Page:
Source: Modus Games
What sets Cris Tales apart is the time travel feature. If we are traveling in villages and other areas where we encounter NPCs instead of enemies, the screen is shown in three parts. We are in the middle, in the present, on the left we see the past and on the right the future. With the help of Matias, a small frog that accompanies us, we can also penetrate directly into the timelines lying next to us and, for example, steal objects into the present or change things. Sweet: If he goes into the past, Matias becomes a tadpole, in the future we will see him as an old, slightly bulky frog.
Our actions have a massive impact, both in the main story and in the developers' numerous and extensive side quests. With our intervention, cities can perish or flourish, people can live or die and relationships between characters can change drastically, all in real time, so that we can see the effects of our actions directly. An exciting idea that came with great challenges for the makers. They had to design the cities not only three times, but also in several states. Based on what decisions we have made, houses can be run down or newly renovated, entire areas flooded and more, and these things in turn influence each other. In an interview, the developers said that many elements had to be designed in up to 30 different variations.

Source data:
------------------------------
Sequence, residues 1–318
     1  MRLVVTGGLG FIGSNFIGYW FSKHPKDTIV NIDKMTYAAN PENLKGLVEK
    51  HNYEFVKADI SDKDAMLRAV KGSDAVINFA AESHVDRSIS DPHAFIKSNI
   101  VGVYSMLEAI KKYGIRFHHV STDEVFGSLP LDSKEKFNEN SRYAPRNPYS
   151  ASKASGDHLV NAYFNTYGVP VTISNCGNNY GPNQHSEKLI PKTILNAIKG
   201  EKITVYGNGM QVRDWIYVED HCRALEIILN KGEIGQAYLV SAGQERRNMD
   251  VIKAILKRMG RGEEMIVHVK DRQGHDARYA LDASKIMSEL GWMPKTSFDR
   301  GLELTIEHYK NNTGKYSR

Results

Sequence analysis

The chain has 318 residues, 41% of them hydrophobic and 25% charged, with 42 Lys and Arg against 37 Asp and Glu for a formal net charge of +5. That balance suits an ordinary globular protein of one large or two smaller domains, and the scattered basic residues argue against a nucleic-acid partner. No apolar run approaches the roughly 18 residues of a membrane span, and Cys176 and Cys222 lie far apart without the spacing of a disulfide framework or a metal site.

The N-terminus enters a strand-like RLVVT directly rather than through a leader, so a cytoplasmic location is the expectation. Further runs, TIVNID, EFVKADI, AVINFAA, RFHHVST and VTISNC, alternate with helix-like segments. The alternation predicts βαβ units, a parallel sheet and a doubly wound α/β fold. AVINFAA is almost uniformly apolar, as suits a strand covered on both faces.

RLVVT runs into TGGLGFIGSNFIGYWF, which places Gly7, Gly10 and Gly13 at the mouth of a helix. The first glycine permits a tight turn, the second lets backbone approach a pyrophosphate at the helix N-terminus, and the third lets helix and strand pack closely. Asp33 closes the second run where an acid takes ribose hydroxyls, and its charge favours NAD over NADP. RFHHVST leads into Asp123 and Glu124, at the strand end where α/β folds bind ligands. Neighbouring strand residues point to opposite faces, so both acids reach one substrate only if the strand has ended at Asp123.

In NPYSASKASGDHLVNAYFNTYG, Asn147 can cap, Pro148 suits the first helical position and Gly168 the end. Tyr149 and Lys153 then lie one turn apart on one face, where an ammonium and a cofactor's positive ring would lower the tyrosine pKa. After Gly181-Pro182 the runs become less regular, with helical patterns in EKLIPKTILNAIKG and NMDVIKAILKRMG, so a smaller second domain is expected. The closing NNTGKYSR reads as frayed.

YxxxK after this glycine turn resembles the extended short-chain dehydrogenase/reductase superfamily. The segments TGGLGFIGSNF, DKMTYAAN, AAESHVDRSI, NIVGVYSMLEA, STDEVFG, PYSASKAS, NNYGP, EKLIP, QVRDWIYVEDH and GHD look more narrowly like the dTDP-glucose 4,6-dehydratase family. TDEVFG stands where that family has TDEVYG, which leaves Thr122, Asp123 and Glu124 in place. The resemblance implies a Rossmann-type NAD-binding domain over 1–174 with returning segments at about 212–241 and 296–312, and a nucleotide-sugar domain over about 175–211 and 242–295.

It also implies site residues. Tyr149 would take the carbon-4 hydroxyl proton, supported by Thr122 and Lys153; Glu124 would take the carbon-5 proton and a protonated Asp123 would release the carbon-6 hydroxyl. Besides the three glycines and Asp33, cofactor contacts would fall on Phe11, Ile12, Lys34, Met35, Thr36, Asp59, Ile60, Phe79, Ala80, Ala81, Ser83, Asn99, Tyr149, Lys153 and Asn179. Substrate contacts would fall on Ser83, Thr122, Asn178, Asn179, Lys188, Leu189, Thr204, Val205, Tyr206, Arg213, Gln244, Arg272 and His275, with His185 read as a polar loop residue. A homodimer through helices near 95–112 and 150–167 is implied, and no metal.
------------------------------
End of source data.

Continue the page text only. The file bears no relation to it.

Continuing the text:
Tomorrow's threshing, today
Source: Modus Games
On the upper world and in the enemy areas, the representation of the time levels is omitted, but in turn comes into play in the battles. We are in the middle of the screen, our enemies are positioned to the left and right of us. Three members of our seven-person party can take part in a battle.
According to the system from the cities on the left, Crisbell can open a time snapshot into the past, on the right one into the future and influence opponents at the corresponding points. A terrifying creature in the present may only be a relatively harmless youngster in the past, and a defenseless old man in the future. In the same way, some adversaries can of course gain a lot of danger by changing the time. The key to success is when Crisbell uses her strength and when she doesn't.